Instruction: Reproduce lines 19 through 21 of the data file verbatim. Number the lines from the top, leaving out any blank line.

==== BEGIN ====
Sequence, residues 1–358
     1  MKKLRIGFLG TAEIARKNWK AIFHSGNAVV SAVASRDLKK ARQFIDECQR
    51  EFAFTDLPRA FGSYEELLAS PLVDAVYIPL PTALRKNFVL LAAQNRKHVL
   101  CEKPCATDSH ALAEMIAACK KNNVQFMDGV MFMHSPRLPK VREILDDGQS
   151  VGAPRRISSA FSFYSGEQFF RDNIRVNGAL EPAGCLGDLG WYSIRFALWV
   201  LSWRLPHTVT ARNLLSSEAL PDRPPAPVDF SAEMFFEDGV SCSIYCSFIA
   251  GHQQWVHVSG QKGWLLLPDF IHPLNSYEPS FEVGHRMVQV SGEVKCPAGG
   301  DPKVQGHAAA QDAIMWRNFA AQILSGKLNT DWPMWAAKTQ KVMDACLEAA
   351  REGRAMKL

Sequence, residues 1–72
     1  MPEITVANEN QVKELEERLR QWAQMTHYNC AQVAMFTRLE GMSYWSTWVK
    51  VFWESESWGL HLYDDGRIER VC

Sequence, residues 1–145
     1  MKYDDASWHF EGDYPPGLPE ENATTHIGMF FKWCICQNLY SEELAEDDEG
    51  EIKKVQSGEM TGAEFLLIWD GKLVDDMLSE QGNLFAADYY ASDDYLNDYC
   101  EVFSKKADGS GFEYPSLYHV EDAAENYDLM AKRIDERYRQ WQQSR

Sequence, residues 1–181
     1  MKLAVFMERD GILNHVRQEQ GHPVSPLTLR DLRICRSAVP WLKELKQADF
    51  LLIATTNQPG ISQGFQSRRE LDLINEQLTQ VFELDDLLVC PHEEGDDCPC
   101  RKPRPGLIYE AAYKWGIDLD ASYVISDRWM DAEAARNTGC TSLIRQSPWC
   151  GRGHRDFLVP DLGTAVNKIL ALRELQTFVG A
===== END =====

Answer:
    51  LLIATTNQPG ISQGFQSRRE LDLINEQLTQ VFELDDLLVC PHEEGDDCPC
   101  RKPRPGLIYE AAYKWGIDLD ASYVISDRWM DAEAARNTGC TSLIRQSPWC
   151  GRGHRDFLVP DLGTAVNKIL ALRELQTFVG A